good bones and simple murders
each female body contains a female brain. handy. makes things work. stick pins in it and you get amazing results. old popular songs. short circuits. bad dreams.
anyway: each of these brains has two halves. they're joined together by a thick cord; neural pathways flow from one to the other; sparkles of electric information washing to and fro. like light on waves. like a conversation. how does a woman know? she listens. she listens in.
the male brain, now that's a different matter. only a thin connection. space over here, time over there, music and arithmetic in their own sealed compartments. the right brain doesn't know what the left brain is doing. good for aiming though, for hitting the target when you pull the trigger. what's the target? who's the target? who cares? what matters is hitting it. that's the male brain for you. objective.
this is why men are so sad, why they feel so cut off, why they think of themselves as orphans cast adrift, footloose and stringless in the deep void. what void? she says. what are you talking about? the void of the universe, he says, and she says, oh and looks out the window and tries to get a handle on it, but it's no use, there's too much going on, too many rustlings in the leaves, too many voices, so she says, would you like a cheese sandwich, a piece of cake, a cup of tea? and he grinds his teeth because she doesn't understand, and wanders off, not just alone but Alone, lost in the dark, lost in the skull, searching for the other half, the twin who could complete him.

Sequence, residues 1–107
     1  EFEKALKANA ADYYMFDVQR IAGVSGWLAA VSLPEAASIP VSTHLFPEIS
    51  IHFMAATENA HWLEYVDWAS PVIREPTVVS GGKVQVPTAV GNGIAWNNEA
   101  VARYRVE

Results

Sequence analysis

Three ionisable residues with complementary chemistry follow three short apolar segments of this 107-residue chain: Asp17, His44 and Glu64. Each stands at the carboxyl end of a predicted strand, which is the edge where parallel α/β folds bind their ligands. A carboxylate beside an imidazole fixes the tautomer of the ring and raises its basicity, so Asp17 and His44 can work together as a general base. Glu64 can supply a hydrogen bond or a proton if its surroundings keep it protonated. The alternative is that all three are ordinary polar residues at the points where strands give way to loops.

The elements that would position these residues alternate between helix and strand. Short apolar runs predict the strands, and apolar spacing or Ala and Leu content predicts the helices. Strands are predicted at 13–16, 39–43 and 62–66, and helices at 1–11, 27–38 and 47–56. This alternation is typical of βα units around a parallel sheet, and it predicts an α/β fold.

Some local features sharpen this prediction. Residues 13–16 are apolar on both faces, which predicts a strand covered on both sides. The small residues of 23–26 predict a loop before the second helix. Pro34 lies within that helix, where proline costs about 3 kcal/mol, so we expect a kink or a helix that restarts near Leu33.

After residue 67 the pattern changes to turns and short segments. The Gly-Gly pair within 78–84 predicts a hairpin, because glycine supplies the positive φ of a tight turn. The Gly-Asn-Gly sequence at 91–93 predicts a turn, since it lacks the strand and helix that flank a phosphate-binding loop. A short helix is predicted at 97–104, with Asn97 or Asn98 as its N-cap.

then it comes to him: he's lost the Female Body! look, it shines in the gloom, far ahead, a vision of wholeness, ripeness, like a giant melon, like an apple, like a metaphor for breast in a bad sex novel; it shines like a balloon, like a foggy noon, a watery moon, shimmering in its egg of light.
catch it. put it in a pumpkin, in a high tower, in a compound, in a chamber, in a house, in a room. quick, stick a leash on it, a lock, a chain, some pain, settle it down, so it can never get away from you again. p. 75-77